According to a constructional variant, the two holder cams 9 may be inclined slightly, e.g. by 2° to 7°, towards the central axis of symmetry of the support element 2, so that under load they assume the vertical position according to FIGS. 2 and 3. However, in the practical loading case, each spring bridge will adjust itself individually dependently upon the magnitude and the angle of attack of the load (see for example FIG. 4). The two spring laths 3a and 3b of the same spring bridge may even react differently without difficulty depending upon the loading.
FIG. 1 shows spring lath support 8 in its middle region comprises a groove 11 in the center of which a further holder cam 12 is disposed. Thanks to this measure, the third spring lath 3c may be anchored underneath the two spring laths 3a and 3b to provide the spring bridge 3 with a series of further adjustment possibilities.
Owing to the provision of this additional third spring lath 3c, the hardness of the under-mattress may be changed at will at any desired location. However, by means of a further constructional variant not only a further hardness adjustment, but also a height regulation of the spring bridge 3, such as illustrated by FIGS. 6 to 9, may be obtained. For this purpose, two spacing changers 13 are so arranged between the two upper spring laths 3a and 3b and the lower spring lath 3c that they may be displaced towards or away from each other in the direction of the double arrows 14. The spacing changers 13 consist preferably of a slippery synthetic resin. Upon displacement thereof, the two upper spring laths 3a and 3b are raised more as the spacing changers approach their extreme outer positions according to FIG. 6.
The spacing changers 13 are so constructed that they are located astride the lower spring lath 3c and are guided thereon as also in the gap between the two upper spring laths 3a and 3b. In the illustrated constructional form, each spacing changer 13 comprises a guide pin 15, which projects upwardly between the two spring laths 3a and 3b and includes two guide grooves 16 and 17 which cross at right angles and are disposed in planes at different heights. If, for example, spacing changer 13 is guided on the lower spring lath 3c by means of the guide groove 16, a further height adjustment of the spring bridge may be obtained by simple re-location through 90°.
An additional possibility of height regulation and individual hardness adjustment of each individual bridge may also be obtained according to FIGS. 8 and 9. Here, spacing changers 13 are constructed to be stacked one on top of the other and for this purpose each comprises on its underside a bore 18 into which pin 15 can be fitted. In this way, two or more spacing changers 13 may be stacked one on top of the other as shown in FIG. 9. Moreover, a displacement of spacing changers 13 will always bring about a combined adjustment of the height and the hardness of the spring bridge. The smallest influence on the spring hardness with simultaneously the highest possible height position is obtained by the extreme position according to FIG. 6 in which the spacing changers 13 have their greatest mutual spacing.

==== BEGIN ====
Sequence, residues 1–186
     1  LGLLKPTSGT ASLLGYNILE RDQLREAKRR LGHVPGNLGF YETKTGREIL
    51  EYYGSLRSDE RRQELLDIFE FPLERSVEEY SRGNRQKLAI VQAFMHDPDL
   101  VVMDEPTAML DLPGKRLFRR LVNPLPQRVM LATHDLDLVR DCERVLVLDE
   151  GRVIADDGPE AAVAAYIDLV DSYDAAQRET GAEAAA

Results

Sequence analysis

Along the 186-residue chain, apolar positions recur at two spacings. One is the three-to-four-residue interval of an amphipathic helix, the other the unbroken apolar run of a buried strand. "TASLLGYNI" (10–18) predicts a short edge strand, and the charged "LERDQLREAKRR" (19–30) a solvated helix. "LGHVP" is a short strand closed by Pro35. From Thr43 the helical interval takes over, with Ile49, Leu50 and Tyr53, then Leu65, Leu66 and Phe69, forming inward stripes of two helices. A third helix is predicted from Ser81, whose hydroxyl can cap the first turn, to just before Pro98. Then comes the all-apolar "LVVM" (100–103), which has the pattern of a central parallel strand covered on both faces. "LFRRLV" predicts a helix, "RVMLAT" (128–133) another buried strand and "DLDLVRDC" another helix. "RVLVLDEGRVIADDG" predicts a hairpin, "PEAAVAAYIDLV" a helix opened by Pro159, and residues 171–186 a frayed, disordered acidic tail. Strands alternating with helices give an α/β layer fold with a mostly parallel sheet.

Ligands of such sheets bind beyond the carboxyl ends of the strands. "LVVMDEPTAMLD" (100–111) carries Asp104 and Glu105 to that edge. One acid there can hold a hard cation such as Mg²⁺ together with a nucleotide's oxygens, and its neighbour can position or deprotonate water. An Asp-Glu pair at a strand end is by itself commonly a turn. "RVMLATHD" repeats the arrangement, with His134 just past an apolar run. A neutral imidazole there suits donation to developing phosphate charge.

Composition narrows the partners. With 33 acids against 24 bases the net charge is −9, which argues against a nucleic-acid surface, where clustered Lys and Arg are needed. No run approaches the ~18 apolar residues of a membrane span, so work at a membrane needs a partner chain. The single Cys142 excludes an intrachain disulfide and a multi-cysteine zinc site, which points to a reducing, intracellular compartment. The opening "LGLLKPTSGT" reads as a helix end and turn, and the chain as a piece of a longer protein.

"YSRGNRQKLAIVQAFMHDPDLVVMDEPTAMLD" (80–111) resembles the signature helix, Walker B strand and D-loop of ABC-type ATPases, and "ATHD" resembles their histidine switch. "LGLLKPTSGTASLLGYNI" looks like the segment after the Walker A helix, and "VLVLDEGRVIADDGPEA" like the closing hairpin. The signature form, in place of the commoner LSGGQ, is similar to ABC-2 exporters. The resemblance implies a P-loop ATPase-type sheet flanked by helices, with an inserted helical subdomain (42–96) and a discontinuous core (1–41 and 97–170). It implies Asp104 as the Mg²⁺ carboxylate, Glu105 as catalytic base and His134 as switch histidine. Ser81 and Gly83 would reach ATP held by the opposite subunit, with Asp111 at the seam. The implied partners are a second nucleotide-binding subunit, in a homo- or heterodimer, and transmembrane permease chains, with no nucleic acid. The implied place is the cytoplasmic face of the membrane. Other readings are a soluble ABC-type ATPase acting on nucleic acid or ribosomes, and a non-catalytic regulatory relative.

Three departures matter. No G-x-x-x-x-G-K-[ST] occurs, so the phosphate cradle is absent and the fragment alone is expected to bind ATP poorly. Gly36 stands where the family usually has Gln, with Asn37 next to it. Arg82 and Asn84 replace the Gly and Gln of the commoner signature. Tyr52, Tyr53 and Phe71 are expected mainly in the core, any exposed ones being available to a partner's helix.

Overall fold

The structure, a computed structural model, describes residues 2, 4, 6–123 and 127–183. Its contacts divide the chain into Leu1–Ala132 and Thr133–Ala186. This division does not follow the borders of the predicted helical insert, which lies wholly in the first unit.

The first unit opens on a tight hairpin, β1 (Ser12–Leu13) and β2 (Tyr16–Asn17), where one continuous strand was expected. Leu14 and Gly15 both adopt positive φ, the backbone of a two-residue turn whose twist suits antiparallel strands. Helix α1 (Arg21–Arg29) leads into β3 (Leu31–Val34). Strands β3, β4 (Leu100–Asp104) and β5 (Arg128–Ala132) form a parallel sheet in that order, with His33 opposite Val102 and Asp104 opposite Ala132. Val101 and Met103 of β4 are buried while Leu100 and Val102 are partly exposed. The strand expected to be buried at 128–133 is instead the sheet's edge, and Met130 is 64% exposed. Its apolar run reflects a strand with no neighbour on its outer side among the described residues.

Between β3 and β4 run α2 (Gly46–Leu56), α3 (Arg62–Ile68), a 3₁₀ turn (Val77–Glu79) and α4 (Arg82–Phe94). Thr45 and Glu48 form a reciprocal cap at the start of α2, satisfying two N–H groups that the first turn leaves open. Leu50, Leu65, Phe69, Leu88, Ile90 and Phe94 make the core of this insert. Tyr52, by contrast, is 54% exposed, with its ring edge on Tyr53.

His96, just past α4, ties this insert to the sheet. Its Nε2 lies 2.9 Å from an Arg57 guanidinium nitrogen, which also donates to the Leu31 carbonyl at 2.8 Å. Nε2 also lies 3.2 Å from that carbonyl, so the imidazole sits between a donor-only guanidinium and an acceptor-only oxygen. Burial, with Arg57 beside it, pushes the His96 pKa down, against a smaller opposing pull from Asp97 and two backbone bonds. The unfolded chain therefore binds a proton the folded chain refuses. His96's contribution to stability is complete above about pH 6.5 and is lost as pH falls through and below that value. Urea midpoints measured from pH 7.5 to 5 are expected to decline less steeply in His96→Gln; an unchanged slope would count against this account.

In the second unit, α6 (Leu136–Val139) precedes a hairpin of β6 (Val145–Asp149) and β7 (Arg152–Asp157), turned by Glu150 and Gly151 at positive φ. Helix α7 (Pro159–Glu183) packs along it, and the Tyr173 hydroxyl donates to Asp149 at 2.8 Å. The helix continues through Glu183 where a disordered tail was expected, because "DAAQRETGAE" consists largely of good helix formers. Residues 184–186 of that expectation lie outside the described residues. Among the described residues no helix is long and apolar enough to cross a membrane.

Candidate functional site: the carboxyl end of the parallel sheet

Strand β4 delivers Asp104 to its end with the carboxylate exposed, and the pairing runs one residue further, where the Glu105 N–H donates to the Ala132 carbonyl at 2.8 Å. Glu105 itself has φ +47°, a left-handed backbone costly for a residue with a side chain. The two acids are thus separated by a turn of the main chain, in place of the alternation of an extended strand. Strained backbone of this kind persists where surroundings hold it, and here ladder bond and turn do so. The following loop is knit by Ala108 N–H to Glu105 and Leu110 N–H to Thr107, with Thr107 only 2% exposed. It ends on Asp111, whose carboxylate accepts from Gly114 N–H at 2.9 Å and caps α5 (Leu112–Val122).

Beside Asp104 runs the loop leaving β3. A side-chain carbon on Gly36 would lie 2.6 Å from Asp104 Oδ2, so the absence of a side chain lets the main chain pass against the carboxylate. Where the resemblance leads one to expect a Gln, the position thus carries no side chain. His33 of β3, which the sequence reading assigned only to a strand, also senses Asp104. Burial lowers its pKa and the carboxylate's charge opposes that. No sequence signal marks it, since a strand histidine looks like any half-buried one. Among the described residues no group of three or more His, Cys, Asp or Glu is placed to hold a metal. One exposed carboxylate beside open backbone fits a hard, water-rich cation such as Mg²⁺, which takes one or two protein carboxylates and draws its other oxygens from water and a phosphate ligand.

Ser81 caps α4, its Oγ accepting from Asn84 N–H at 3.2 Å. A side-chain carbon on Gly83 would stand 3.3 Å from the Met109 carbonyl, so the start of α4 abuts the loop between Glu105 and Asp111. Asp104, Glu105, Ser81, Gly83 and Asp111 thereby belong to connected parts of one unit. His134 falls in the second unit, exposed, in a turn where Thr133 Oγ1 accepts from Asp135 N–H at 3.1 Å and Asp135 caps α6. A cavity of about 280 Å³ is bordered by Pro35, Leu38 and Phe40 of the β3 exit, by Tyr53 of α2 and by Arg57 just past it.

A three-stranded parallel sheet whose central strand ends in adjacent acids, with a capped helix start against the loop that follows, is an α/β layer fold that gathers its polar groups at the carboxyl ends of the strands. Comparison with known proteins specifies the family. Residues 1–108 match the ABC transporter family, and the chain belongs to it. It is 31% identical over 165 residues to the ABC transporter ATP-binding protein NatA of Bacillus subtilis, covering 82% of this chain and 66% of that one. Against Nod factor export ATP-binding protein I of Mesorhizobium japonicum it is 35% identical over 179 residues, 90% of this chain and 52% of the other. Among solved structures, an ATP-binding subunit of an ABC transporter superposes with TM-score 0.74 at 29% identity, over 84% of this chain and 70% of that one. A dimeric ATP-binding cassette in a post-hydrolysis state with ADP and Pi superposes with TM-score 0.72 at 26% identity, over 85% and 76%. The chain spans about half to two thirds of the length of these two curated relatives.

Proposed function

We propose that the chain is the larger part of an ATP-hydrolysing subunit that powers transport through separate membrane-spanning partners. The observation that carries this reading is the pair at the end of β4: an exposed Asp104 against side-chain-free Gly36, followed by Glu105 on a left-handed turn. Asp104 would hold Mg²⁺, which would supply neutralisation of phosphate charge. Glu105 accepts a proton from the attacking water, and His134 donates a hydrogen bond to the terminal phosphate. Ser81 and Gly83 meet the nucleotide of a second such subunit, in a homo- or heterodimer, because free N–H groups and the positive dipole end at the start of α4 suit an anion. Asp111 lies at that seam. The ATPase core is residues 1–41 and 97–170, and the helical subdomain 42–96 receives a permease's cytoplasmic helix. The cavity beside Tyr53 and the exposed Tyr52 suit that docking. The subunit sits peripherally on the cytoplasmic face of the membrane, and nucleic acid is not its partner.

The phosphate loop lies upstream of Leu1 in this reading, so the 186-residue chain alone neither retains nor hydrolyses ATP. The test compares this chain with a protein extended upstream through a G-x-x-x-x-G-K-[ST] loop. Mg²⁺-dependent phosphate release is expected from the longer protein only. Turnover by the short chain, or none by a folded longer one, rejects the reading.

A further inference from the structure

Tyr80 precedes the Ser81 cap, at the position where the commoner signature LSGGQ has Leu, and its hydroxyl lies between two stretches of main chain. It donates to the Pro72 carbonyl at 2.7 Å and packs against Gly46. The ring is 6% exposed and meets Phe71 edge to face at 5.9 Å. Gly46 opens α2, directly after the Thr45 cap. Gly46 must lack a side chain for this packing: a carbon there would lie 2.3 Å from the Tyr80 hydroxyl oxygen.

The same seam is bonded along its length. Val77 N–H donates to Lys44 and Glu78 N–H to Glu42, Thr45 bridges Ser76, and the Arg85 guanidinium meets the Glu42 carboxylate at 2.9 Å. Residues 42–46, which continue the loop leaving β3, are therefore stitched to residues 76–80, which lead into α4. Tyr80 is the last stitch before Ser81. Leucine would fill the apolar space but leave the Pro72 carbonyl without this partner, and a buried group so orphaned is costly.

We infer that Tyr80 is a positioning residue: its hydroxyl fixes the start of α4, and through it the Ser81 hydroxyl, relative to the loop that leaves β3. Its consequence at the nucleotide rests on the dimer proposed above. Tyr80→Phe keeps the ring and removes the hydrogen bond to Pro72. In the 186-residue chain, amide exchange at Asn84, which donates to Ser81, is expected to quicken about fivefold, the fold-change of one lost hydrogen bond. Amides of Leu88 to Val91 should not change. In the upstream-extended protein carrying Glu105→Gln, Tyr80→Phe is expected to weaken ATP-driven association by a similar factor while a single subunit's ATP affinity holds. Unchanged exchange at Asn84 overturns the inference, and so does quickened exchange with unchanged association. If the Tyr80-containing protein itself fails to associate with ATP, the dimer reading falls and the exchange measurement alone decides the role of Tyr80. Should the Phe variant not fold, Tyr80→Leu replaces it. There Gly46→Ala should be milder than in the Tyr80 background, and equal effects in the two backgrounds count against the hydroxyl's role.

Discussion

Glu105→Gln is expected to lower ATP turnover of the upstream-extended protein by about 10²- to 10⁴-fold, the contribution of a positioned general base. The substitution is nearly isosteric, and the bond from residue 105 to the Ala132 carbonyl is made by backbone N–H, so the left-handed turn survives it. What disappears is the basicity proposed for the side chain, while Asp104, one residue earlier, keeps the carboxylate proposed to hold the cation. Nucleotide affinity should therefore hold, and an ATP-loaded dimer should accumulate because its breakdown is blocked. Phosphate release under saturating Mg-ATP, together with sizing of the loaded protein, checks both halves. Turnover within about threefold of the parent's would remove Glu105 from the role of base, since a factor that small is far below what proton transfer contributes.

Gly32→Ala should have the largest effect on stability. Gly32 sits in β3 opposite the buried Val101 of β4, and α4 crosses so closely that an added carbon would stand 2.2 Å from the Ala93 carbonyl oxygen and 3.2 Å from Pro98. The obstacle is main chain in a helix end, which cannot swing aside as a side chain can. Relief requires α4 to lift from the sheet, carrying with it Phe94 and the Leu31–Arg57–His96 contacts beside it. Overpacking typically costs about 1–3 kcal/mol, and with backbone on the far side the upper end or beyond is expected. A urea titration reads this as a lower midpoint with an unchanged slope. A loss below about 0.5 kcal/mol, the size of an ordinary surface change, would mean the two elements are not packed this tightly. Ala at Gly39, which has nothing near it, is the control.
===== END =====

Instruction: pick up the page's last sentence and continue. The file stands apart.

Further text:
Relatively to the underside of the two upper spring laths 3a and 3b, the lower receiving surface of the groove 11 is displaced downwardly at most by the thickness dimension of the spring lath 3c. Preferably this dimension which is determined for receiving the third spring lath 3c is kept slightly smaller than the thickness of the spring lath. Thereby the third lower spring lath 3c is clamped in the groove 11 and accordingly exerts a steady pressure on the section of the spring lath support 8 disposed therebelow. Thus, spring lath support 8 is hardened in itself and yields less to the loads acting thereon perpendicularly or obliquely.
However, by clamping the third spring lath 3c, it is also attained that the two upper spring laths 3a and 3b, indeed the entire spring bridge, form a compact unit. Whereas the two upper spring laths 3a and 3b may normally react even independently of each other to different engaging forces, they are functionally coupled together by the clamping and tensioning forces which are exerted by the lower spring lath 3c. This may be of importance for certain orthopaedic applications for the purpose of local increase of the spring hardness.
The construction described may be modified in many ways by the expert. Thus, for example, it may be possible to provide the spring lath support 8 (FIG. 1) with a separate protective buckle 19 (FIG. 5) which takes the place of the cover band 10, with a view to a different kind of assembly of the spring laths. The protective buckle 19 is provided at its ends with holder loops 19a which embrace the correspondingly shaped edge portions of the spring lath support 8a. In this variant, the ends of the spring laths 3a and 3b may thus be placed from above upon the cams 9 and then be fixed by means of the protective buckle 19.
In order to compensate the elastic reaction forces of the support elements 2, to obtain a certain synchronization of the elastic reaction of two adjacent spring laths, and also to permit the desired counter-spring and return forces to become effective in the middle region of the spring laths, a stabilizing belt 20 may be advantageous. According to a constructional form shown in FIGS. 10 to 12, a belt 20 is produced from rubber and in the region of each spring bridge includes two slots 21 parallel to its longitudinal axis and having length L which corresponds approximately to the upper total width L' (FIG. 1) of spring bridge 3. As illustrated in FIG. 10, the two spring laths 3a and 3b after insertion through the two slots 21, are resiliently retained by a pin 22 pushed above the belt tongue 23 located between the slots 21 through two laterally diposed eyes 24.